In the wake of last year’s energy crisis, Japan is once more considering the use of nuclear energy in order to power its cities. To recall, the island nation was hit by a severe earthquake and tsunami in March 2011, which in turn caused reactors in Fukushima I Nuclear Power Plant to melt down. While radioactive leakage was reportedly only one-tenth of the amount released in the infamous Chernobyl disaster of 1986, the extent of the supposed damage might be far greater due to Japan’s geographic characteristics.
Ever since the accident, Japan’s energy landscape has changed dramatically. None of Japan’s fifty energy reactors are online anymore. In fact, all attempts to restart them have been met with fierce public opposition, resulting in their continued closure.
Despite this clear public opposition towards nuclear energy, Yoshihiko Noda, Japan’s Prime Minister, wants to renew several nuclear power plants in the following weeks. Specifically, Noda is hoping to reopen two reactors in Kansai Electric Power’s Oi plant; the energy generated is meant to supply Japan’s industrial centre over its energy-heavy summer months.
Noda’s argument to restart Japan’s nuclear power program is economically sound. The almost complete shutdown of Japan’s nuclear energy sector, which powered 30% of the country’s energy, means a heightened reliance on coal and natural gas, as well as nationwide energy rations. These recent troubles compound with Japan’s dwindling resources, the rising costs for importing coal and natural gas, and the country’s increasing need for industrial products in order to rebuild quake- and tsunami-destroyed areas. Overall, Japan is in desperate need to supply its electricity-hungry population with self-made nuclear energy – at least in the short-term.
While Japan’s energy problem is an internal affair, its nuclear power program extends far beyond its geographic shores. Recently, scientists in California have discovered traces of radioactivity in migrating bluefin tuna. After comparing local and pre-disaster migrants and finding no trace of radioactivity, it was clear to the researchers that the fish could only have gotten such high levels of Caesium-134 and Caesium-137 from Fukushima.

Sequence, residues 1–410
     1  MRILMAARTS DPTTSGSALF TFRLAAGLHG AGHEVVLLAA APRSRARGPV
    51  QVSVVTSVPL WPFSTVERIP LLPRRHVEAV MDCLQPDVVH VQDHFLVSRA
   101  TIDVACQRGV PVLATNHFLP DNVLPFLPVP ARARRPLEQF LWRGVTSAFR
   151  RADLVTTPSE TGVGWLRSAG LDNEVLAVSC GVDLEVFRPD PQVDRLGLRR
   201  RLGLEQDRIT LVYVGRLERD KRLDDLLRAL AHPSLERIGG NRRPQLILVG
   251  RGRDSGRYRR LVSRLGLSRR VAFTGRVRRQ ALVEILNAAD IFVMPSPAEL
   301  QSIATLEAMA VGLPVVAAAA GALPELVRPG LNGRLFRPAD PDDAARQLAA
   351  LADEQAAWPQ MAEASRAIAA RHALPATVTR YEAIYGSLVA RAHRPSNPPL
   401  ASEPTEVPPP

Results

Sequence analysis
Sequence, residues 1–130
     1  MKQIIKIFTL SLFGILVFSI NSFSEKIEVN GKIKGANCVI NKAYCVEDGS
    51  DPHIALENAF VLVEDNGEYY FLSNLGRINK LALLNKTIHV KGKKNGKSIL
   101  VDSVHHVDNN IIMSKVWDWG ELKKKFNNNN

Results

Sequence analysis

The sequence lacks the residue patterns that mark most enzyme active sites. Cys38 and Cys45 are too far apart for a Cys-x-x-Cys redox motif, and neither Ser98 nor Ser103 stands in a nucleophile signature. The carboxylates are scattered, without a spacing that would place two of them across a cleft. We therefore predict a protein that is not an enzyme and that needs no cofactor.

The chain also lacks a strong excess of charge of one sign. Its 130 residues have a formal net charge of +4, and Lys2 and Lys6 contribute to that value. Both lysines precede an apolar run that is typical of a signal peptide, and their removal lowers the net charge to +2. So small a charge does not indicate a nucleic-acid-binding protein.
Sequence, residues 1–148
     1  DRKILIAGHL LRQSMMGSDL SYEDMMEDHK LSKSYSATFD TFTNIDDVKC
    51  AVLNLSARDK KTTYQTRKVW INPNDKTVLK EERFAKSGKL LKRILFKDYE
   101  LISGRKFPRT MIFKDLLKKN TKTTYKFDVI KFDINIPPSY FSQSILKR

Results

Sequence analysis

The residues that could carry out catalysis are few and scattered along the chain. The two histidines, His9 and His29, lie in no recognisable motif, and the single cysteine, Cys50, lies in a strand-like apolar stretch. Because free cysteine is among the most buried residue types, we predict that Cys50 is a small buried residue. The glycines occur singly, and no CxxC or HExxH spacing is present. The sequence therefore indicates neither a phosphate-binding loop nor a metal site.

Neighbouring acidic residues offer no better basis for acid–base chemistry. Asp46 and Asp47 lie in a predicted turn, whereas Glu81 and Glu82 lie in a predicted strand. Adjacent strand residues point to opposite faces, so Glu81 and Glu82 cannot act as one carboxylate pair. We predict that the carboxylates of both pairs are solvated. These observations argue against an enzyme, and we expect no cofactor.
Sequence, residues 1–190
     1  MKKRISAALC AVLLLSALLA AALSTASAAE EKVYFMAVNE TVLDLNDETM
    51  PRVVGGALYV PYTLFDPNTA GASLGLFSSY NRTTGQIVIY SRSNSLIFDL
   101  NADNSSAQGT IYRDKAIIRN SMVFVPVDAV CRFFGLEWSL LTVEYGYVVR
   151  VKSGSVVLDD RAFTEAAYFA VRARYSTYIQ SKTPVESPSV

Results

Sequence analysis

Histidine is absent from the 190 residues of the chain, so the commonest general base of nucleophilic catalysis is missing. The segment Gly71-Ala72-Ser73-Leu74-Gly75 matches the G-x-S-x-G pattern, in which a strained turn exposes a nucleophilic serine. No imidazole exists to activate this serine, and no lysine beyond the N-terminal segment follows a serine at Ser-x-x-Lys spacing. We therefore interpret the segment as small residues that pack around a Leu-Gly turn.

This discovery holds staggering implications. Bluefin tuna travel a distance of over 6000 miles in order to reach California’s shores, shedding radioactive waste along the way. For radioactivity to still persist after such a long journey means that seafood in Japan’s surrounding waters are likely to have higher levels of radiation. Consequently, while the tuna found in our shores might still be ‘safe to eat’, at least by our standards, it’s likely to be a different story for Pacific islanders.
Japan should put into consideration its neighboring countries before putting them at risk. Yes, there are new measures being taken to prevent another nuclear disaster; yes, Japan is slated to drastically reduce reliance in nuclear energy in the coming decades. However, if entire island communities are at risk due to migrating, radioactive fish, perhaps it isn’t Japan’s call to make.